The issue of whether an employee could be disciplined for making internal disclosures, was discussed in the case of City of Tshwana Metropolitan Municipality v Engineering Council of SA & another.
It had to be decided, whether an electrical engineer employed by a municipality, was entitled to protection from the Protected Disclosures Act 26 of 2000, for making certain safety disclosures, in relation to his company, to the Department of Labour as well as his own professional governing body.
For an employee to be protected in terms of the PDA, certain requirements need to be met.
- The employee needs to have acted in good faith;
- The employee had to have reasonably believed that the information disclosed and allegations made, were substantially true;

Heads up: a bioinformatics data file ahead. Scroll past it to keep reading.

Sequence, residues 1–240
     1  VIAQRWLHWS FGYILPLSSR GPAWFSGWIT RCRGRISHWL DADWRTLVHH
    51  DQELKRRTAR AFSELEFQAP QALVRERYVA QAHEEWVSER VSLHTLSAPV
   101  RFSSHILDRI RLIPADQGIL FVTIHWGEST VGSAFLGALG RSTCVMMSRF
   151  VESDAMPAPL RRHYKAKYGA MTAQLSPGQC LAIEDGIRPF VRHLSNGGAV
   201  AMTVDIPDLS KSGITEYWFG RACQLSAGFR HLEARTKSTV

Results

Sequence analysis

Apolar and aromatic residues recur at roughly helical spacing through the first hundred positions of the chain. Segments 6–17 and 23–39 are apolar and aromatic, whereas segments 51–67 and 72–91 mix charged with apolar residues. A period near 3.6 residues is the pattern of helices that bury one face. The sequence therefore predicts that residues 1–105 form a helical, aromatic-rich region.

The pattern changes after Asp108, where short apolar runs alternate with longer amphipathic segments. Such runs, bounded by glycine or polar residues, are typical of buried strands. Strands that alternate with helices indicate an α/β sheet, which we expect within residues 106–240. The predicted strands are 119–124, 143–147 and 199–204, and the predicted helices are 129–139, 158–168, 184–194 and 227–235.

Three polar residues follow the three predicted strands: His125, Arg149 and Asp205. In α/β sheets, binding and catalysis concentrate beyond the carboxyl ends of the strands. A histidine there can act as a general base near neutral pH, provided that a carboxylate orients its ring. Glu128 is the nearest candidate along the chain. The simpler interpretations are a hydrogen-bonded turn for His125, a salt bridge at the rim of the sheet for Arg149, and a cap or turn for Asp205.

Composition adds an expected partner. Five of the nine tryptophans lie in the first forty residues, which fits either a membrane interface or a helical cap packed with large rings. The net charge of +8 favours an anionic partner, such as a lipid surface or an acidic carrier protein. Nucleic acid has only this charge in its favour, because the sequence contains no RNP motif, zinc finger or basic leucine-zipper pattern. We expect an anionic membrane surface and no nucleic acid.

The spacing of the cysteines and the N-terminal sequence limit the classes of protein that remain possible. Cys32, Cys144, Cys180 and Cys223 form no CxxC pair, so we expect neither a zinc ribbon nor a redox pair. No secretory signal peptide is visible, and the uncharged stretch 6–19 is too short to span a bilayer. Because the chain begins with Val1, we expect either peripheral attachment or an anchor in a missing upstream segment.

- The employee could not have acted out of personal gain;
- The employee had to have made a prior disclosure to his employer of substantially the same information;
- The disclosure must relate to an impropriety.
The municipality contended that the employee had failed to comply with the final two requirements and was therefore not entitled to protection under the PDA.
They argued that the Municipality had always been aware of the employee’s views regarding the safety issues and therefore, nothing had been disclosed to them.
The Court found, that the employer and the relevant officials thereto, had disregarded the employees concerns that were made aware to them. Acordingly, the Court found that the employee had made the employer aware of his concerns, and no action had been taken upon it by the employer. The employee’s disclosure was therefore protected by the PDA, and the employee could not be disciplined by his employer.
Ian Mc Laren